Here are a few other examples of mindmapping….

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Art Installation 26/03/10

March 27, 2010 at 4:59 pm (Contemporary Art in the Public Realm)

Yesterday we had our art installation in the Irish World Academy of Music and Dance in UL. There were five groups from our interactive media class with each group using archive material and presenting it in an interesting and interactive way.
We choose to build musical chairs to add a fun element to our work.

The idea was that when somebody sat on one chair, the audio would be activated and the video would be projected in front of the chairs. Then if another person sat on the chairs more video and audio would join and so forth for the other two chairs. We wanted people to feel like they had control of what they were seeing and let them create their own vision. The nature of the video we created was very hypnotic and immersive and we felt had the ability to draw people in and really experience the archive material in a new way.

Technical Stuff….
To start we choose material both audio and video from the archives. We then manipulated the videos in Logic Pro to give them a kaleidoscopic feel. Here are a few examples….

We choose a flute, piano, harp and some vocals for our audio and blended them to interact with the video. The software used to do this was Max Msp. The next step was to build the Arduino, which would communicate between our chairs and the computer. Here’s Brian trying to attach the wires for the Arduino…

We had four chairs so four input/outputs on the Arduino. Each of the four wires on the Arduino went to each chair. We concealed cabling with duck tape and decorated it with piano keys.

Each chair had a concealed micro switch, which activated when pressure was applied. We used a spring loaded hole punch to ensure that the switch would activate but not be damaged when somebody sat on a chair.

These switches and hole punches were concealed using padding and decorated upholstery. The legs of the chairs were decorated with stencilled musical notes, white on black. We choose to place a UV light in front of the chairs to make the notes and piano keys standout.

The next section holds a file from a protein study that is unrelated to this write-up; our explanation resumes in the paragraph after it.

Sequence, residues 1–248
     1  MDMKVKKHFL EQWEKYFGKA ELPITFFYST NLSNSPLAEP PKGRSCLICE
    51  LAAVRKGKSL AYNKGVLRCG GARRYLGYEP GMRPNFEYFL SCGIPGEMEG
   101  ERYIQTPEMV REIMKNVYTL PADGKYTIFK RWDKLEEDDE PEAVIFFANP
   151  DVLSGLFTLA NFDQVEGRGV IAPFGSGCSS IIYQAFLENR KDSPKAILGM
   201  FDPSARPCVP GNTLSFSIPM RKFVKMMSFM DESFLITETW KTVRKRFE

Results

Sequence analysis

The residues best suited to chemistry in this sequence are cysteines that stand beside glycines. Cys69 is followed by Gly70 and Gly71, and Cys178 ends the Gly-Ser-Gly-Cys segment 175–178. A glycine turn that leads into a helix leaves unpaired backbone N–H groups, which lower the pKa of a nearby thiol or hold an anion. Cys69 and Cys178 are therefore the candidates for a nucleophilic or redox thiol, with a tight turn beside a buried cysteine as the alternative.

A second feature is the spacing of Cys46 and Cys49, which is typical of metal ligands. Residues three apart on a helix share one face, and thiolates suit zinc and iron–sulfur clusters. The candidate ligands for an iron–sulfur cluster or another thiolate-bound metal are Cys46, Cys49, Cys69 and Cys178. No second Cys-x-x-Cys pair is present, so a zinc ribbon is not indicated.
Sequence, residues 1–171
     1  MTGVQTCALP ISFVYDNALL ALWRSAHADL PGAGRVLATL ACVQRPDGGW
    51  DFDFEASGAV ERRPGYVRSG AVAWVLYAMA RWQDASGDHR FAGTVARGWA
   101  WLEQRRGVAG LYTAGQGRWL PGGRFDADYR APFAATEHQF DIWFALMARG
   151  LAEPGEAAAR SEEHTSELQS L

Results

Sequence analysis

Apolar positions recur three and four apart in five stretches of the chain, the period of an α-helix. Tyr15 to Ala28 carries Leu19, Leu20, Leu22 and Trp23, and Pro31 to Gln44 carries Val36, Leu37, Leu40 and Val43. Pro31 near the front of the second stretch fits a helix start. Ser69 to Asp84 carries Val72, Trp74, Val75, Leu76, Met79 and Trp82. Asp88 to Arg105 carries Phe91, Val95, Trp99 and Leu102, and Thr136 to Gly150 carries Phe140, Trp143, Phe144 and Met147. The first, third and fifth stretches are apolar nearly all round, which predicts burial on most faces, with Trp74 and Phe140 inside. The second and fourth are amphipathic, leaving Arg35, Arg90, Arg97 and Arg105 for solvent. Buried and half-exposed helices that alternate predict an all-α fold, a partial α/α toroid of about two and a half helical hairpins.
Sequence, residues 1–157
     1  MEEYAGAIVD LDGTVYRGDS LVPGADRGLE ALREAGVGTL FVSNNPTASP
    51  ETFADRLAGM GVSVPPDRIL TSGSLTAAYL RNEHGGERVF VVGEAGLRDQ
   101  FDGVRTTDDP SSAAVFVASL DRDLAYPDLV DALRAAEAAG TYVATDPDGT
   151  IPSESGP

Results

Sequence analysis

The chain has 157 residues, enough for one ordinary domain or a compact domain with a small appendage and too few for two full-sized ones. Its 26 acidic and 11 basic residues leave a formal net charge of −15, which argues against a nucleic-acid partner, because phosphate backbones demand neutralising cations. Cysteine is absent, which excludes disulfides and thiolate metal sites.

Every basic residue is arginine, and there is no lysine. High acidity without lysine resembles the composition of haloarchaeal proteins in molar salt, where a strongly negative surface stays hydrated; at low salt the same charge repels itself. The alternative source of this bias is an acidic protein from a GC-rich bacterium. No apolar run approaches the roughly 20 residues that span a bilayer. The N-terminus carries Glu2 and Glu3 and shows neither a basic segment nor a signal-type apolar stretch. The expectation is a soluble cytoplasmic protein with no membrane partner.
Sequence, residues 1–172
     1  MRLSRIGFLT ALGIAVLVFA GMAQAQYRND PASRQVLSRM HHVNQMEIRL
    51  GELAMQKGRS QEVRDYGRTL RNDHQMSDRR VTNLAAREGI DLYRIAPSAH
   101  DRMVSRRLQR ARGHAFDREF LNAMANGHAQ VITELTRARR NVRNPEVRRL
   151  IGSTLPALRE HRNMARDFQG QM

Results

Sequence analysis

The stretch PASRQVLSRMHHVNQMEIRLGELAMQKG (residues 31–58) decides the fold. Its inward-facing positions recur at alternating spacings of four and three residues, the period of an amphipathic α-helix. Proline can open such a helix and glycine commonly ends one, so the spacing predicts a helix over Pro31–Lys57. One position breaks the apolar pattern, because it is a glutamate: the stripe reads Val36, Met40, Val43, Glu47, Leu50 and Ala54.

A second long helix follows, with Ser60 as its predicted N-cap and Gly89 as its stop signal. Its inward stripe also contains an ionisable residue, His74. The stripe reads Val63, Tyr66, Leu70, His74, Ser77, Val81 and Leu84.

The video was displayed using two projectors mounted on the wall behind. The use of two projectors really gave an extra dimension to our display as it spanned nearly the entire wall.

Some Thoughts….
The feedback we received from people was really positive. Children in particular loved the seats and kept bouncing from one to the other. They seemed enthralled by the video and kept trying to touch it.
Micheal O’Suilleabhain came to visit our exhibition and was very impressed by our installations. He enjoyed our audio so much he even started singing along with it, which we managed to capture on video! Link coming soon…
He suggested getting a piper to play along with our tracks or a contemporary dancer to add something extra to the experience. It was fantastic to see somebody of his calibre enjoying and getting involved with something we had created.
Overall we felt people really took delight in the whole experience with some people returning a few times to experience our installation again and again. This was great reinforcement that we had created something interactive, fun and interesting for people to see. The only downside was we could only keep it there for one day and taking down after that short time was kind of a let down. There is some consolation in the fact that we will get to display it again in a few months at the buildings official opening, so that’s something to look forward to…J